This story was updated at 9:15 a.m. July 14 to include comments from Henry Koffie's attorney.

On Facebook, Henry Koffie called himself a "professional entrepreneur from SouthWest Philadelphia." He posted selfies flexing his muscles, looking pensive, and flashing large wads of cash.

On the darkest corners of the internet, Koffie allegedly branded himself as "Narcoboss" and used a Mexican booking photo of Joaquín "El Chapo" Guzmán as his profile picture.

In Philadelphia this week, federal prosecutors identified Koffie as a mail-order businessman, a "nationwide drug dealer" who shipped packages of the powerful narcotic fentanyl across the country using USPS Priority Mail.

According to charging documents, Koffie is responsible for the overdose deaths of two men in Portland, Ore., and has been linked to more overdoses in Florida, Idaho, Michigan, North Dakota, and Oregon.

Koffie allegedly ordered bulk quantities of fentanyl 14 times from China and Hong Kong. The drugs were shipped through  the U.S. Postal Service to his mother's home in suburban Philadelphia, prosecutors said, and Koffie picked up the drugs and repackaged them into smaller amounts, often pressing the powder into pill form.

He advertised on the dark web, a part of the internet where illegal activities are rife, taking orders from his diverse clientele over a notorious site called AlphaBay, which operated as an escrow service between buyers and vendors. (The site appeared Thursday to have been shut down by the federal government.)


Then Koffie "prolifically" shipped out thousands of parcels using online postage services to buy postage, Priority Mail envelopes, and corner mailboxes, prosecutor's said. His most popular product was "2 Grams China White Synthetic Heroin Fentanyl Mix."

On internet forums, Koffie's alleged alter-ego, Narcoboss, earned glowing reviews for impeccable customer service. He was hailed as a reliable vendor who provided quick service and always included a little more product than the client had paid for. His reputation earned the attention of Homeland Security Investigations, the investigative arm of the Department of Homeland Security that pursues cross-border cybercrime.

"He was a top-10 target," said Brian Michael, the agency's deputy special agent in charge in Philadelphia. "He was a large importer of fentanyl." Using not much more than basic internet search tools, the agency determined that Narcoboss had filled more than 6,615 orders for fentanyl at $40 a gram. Federal agents estimated that during a one-year period, Koffie sold more than seven kilograms of the deadly drug and netted at least $260,000.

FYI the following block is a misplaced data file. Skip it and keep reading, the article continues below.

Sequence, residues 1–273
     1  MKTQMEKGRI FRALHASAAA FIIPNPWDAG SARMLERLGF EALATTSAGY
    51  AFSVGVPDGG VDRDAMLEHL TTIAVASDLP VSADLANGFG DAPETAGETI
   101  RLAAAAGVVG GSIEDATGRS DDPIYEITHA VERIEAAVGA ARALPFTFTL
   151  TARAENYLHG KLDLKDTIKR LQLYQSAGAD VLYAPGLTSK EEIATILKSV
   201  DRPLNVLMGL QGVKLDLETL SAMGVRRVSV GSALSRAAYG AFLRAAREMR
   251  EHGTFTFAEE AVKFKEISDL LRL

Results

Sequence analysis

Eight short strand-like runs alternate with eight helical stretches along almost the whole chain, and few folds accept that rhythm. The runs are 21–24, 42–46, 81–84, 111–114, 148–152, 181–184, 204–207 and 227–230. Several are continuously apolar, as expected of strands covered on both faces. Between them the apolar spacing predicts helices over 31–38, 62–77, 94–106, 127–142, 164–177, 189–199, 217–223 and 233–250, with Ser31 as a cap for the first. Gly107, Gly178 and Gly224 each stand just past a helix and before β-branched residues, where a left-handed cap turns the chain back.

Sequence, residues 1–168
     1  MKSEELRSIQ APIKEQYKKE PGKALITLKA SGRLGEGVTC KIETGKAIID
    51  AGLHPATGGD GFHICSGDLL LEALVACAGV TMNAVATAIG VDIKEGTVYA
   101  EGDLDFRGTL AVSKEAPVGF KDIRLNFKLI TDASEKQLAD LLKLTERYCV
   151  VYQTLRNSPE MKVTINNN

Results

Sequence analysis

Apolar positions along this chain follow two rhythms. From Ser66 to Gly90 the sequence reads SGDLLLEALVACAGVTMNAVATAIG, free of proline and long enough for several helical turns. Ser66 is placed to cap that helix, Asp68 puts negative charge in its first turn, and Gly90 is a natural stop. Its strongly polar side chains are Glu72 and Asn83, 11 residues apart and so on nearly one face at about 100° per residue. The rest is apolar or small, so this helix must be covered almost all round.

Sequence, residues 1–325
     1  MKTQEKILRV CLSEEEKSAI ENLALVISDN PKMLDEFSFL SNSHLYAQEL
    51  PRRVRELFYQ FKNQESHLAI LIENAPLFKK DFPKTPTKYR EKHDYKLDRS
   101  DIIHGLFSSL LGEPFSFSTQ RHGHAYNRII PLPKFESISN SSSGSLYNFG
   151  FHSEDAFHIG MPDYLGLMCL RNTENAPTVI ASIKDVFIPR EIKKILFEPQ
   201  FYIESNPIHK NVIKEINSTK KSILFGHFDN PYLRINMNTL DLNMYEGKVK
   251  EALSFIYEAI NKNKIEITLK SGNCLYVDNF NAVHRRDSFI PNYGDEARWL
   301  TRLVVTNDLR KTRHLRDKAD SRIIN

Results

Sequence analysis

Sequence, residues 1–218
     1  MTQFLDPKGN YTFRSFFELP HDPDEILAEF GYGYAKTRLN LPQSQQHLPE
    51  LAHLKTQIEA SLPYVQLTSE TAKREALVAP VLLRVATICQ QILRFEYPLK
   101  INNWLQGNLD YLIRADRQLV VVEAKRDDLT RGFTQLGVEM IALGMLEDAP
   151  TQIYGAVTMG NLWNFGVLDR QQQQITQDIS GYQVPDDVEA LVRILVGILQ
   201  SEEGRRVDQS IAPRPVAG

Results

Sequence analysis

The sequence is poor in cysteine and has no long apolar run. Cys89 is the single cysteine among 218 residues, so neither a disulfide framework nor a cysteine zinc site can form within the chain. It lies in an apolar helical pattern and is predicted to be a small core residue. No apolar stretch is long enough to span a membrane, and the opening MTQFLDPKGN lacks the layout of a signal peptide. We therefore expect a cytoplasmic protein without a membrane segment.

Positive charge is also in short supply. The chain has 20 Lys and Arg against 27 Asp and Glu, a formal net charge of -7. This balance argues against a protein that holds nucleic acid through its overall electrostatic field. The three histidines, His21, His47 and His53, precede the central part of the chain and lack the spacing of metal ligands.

On June 10, Narcoboss became a short-lived internet star when he was mentioned in a New York Times story about opioid dealers embracing the dark web. Soon after, Narcoboss went silent. Customers, who had praised Narcoboss for two-day shipping, began to grouse about unfilled orders.

"Don't buy from this vendor," grumbled Reddit user Sanyardsent in mid-June. "He isn't shipping out orders anymore; we've been had."

"That's a damn shame," replied NoWayJesus1. "All the opiate vendors are either getting locked up or exiting."

Koffie, 32, was arrested July 5 at his home in Darby, just over the Philadelphia city line, and charged with multiple federal drug-trafficking counts. He was being detained at the Federal Detention Center pending transfer to Oregon, where he will face charges in connection with two fatal overdoses. When federal agents raided Koffie's property, they seized a half-kilogram of fentanyl, several pounds of a binding agent used in pill production, scales, and bank statements.

Michael, of Homeland Security Investigations, said he could not go into detail about the investigation.

"He's definitely one of the largest targets we've taken off the market in the Philadelphia area," Michael said.

Koffie's attorney said the feds may have the wrong man.

"I told the judge that for the purposes of the hearing, that my client was Henry Koffie, but not that he was Narcoboss," said Enrique A. Latoison, whose practice is based in Media.

"When you're dealing with a case on the dark net, anybody can be anybody," said Latoison."The U.S. Attorney is going to have to be able to prove that my client is Narcoboss, and that Narcoboss committed these crimes."

Asked about Koffie's most recent work history, Latoison would not go into specifics.

"I know what his other occupations are, but I can't comment," Latoison said. "He does have legitimate income."